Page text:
The power is with the people and we have decided to start listening more. We want to know who your women’s sport community heroes are, and whose stories should we be telling.
Last week, gsport Editor, Kass Naidoo, asked Twitter followers whose story gsport should be telling. The response was encouraging and we have picked up a few leads from the interaction.
After listening to you, and having deliberated among ourselves, we have chosen to profile rising sports journalist, Lethabo Kganyago.
Kganyago’s journey into sportmay have started late, but her drive to ensure that women succeed in male-dominated spaces has always been her priority.
Having studied Journalism, Kganyago had plans of venturing into Current Affairs, but when an opportunity arose to work in sport, she grabbed it with both hands and has never looked back.
She has dug deep to pave the way for upcoming women in sport and is passionate about promoting and supporting women in sport.
Last year she hosted a sending off event for Limpopo-based Banyana Banyana players, who were heading to France for the FIFA World Cup to drum up support for them ahead of the showpiece event. gsport’s Celine Abrahams chats to Kganyago about her passion for sport and women empowerment.
Lethabo, please tell us about yourself and how your journey began as a Sports Journalist?
Technically, growing up I did not like sport. It is something that grew as I have been on the job. At the beginning at my first job I was hired as a gender quota when departments have to balance how many women and men they have and they didn’t have any women in their sports department, so that was how I was basically hired.
Even the interview that I went to was not for the sports department. I did understand the basics of football, but with the job I had to learn and invest in it. I would say I learned to love sports as I was developing in my work.
Interesting! What was that transition like?
It was a situation of you sink or you swim, also realising what an opportunity means not just for me. If I did not do well chances of companies hiring more women after me were possibly going to be slim. So, realising the opportunity for addressing, transformation and realising that it was going to be tough.
I studied Journalism and I thought I was going to be a Current Affairs writer or a mid-morning radio presenter, but nothing sports related. When this came up it was an opportunity to say that if I didn’t do well here whether I like what I’m doing or not, women are not going to thrive in this area, so I had to do well.
I was not going to sink. I educated myself from buying the most basics that when I look at them now I laugh; things that tell you what is a whistle, what is a referee, that is how I started and I watched every match, literally I changed my life for a good six months in 2009.
Being a female in a male-dominated space is already a challenge even more so when you had to train yourself on the job. How did your colleagues react?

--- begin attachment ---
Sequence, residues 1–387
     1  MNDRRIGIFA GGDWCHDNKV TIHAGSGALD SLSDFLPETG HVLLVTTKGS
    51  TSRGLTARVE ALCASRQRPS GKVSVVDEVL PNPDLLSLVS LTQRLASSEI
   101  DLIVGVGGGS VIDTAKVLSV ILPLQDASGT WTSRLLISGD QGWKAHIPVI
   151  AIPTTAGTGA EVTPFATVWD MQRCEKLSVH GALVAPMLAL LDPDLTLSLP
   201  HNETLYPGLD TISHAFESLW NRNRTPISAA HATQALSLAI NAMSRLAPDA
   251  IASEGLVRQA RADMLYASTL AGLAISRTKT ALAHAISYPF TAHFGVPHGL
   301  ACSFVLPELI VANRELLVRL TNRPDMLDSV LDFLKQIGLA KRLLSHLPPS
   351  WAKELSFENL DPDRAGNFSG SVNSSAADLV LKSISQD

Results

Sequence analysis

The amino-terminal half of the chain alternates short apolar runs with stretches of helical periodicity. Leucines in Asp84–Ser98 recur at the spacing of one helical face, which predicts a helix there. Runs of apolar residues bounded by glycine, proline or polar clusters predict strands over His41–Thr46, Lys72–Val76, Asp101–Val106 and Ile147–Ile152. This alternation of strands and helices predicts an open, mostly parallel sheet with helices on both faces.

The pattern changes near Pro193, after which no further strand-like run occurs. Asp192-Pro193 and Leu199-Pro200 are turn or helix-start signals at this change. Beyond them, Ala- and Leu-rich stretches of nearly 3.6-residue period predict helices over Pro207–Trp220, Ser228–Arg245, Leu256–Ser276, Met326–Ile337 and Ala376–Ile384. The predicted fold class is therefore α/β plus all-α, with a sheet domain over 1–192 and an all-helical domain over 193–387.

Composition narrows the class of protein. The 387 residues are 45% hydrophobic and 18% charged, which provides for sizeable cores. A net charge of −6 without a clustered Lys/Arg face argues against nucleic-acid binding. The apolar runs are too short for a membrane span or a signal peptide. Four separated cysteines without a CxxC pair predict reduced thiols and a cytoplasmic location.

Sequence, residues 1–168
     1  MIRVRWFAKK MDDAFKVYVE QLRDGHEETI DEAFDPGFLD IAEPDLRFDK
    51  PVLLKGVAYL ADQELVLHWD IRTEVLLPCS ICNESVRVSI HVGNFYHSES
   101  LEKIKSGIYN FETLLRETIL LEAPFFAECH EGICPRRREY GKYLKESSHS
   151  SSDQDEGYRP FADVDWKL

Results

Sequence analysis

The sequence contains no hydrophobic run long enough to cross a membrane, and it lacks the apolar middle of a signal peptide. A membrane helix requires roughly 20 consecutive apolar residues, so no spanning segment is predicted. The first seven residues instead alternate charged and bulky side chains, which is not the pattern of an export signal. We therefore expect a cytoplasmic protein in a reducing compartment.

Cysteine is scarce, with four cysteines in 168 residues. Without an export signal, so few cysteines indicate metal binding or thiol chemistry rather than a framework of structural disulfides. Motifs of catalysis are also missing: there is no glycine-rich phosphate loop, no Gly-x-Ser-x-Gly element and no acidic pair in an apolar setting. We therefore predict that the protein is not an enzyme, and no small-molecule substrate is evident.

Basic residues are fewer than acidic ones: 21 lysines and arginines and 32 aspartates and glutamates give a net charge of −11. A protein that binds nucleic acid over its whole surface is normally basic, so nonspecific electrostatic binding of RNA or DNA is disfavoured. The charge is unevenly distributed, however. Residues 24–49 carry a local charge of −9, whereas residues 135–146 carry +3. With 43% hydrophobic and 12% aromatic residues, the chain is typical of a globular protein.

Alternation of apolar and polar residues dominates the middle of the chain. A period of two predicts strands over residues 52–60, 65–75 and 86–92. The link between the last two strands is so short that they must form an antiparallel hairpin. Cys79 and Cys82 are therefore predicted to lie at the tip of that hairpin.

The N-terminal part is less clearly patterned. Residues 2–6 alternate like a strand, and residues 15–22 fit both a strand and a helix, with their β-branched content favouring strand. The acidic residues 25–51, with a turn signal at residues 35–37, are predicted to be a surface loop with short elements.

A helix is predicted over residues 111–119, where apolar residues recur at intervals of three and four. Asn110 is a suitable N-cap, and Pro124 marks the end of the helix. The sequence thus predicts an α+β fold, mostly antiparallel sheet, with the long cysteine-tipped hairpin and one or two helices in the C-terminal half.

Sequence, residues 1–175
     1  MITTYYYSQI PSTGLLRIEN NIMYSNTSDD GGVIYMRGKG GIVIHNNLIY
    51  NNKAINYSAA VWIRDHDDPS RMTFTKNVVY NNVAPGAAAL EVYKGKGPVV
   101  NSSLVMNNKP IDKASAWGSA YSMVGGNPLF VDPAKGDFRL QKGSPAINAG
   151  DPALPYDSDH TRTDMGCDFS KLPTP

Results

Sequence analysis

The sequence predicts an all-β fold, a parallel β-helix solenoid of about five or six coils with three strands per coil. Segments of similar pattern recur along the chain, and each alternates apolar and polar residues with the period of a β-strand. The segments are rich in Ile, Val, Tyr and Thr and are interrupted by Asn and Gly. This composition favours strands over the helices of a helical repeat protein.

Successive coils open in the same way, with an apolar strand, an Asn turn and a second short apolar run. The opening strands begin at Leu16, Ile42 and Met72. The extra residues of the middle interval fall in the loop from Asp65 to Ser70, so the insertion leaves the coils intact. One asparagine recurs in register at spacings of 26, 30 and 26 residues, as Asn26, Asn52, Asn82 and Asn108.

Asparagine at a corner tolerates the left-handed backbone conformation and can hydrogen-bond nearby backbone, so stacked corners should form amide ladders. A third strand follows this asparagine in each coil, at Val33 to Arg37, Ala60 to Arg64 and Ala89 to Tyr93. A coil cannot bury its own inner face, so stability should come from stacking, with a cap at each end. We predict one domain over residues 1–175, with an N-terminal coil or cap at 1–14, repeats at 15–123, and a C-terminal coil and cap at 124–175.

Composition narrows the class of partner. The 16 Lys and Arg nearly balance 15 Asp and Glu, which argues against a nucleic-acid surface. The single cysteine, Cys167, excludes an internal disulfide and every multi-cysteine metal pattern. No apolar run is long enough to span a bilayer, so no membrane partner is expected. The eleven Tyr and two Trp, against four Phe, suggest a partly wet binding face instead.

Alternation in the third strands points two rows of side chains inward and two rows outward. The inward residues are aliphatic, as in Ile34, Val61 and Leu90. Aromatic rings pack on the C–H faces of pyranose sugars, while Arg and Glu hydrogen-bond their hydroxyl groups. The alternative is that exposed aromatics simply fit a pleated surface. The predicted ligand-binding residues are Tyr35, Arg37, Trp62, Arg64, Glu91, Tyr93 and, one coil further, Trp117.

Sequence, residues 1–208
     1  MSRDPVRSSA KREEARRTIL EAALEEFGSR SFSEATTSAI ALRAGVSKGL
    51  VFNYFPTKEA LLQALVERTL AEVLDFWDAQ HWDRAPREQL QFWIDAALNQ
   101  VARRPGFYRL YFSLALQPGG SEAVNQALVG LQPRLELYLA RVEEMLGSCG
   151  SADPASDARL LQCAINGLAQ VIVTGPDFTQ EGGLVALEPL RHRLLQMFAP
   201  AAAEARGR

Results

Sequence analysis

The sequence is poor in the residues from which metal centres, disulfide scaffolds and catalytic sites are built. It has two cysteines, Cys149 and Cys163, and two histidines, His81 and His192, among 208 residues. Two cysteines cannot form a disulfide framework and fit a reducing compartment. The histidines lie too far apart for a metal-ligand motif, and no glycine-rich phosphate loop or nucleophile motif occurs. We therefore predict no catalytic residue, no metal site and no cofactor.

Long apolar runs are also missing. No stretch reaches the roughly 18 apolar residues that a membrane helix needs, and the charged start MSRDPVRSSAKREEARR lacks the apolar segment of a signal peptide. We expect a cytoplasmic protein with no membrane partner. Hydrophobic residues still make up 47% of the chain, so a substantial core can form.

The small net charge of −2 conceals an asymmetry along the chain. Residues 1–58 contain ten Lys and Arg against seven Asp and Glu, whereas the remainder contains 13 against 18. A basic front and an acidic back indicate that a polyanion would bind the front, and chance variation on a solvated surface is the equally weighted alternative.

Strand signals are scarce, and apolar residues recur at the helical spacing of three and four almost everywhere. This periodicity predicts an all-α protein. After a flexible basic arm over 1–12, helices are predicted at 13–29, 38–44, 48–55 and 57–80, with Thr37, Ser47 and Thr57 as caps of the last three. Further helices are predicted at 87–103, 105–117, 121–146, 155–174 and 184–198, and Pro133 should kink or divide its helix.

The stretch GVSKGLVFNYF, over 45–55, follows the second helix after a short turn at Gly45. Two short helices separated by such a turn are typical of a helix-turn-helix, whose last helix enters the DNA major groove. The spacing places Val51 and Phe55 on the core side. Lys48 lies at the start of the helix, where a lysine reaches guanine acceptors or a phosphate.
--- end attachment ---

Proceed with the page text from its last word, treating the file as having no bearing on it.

I have a strong character. My former Editor who trained me on the job knew that it was going to be tough, but he knew that I was determined to do the job. I was working with men only and they were giving me support and encouragement. Sometimes they would give hard criticism that sometimes would make me question what I was doing but I pushed myself to learn everything that I could possibly learn in different sporting codes. I do not think I would have made it this far had it not been for their support.
What has been the biggest challenge have you endured along the way?
It remains the biggest problem even today and that is freedom of speech. Everything that has happened to women, the injustices that happen daily has been happening ever since I arrived on the scene in 2009 and happened when the likes of Carol Tshabalala was arriving in the game. I feel our biggest challenge is we are not afforded freedom of speech.
How many women have you read about when they try to speak up and that has come back to haunt them and their careers? We get victimised one way or another. There are times when we want to interview certain female athletes, but we must wait for them to retire to be able to speak freely.
Until we can freely speak, a lot of things in women’s sport is not going to change.
Apart from the negatives, what has been the positive aspects in terms of women’s sport in the past year?
The last year has been amazing. The SPAR Proteas going to the Vitality Netball World Cup, Banyana Banyana (FIFA Women’s World Cup), the Momentum Proteas, you name it, even our journalists. For me, especially when it comes to field journalists, the likes of Busisiwe Mokwena getting the opportunity to work at the FIFA Women’s World Cup, this opened my eyes because she is struggling with the same issues that we are experiencing but she has shown her determination to rise.
Kganyago continues as she talks about gsport creating a platform to champion women and her plans to tell more women in sport stories. Listen to the full audio interview in the slider above!
Photo 1 Caption: Lethabo Kganyago’s passion for sports might have begun in the latter stages of her life, however her drive to ensure that women succeed in male-dominated spaces remains her priority. Photo: Lethabo Kganyago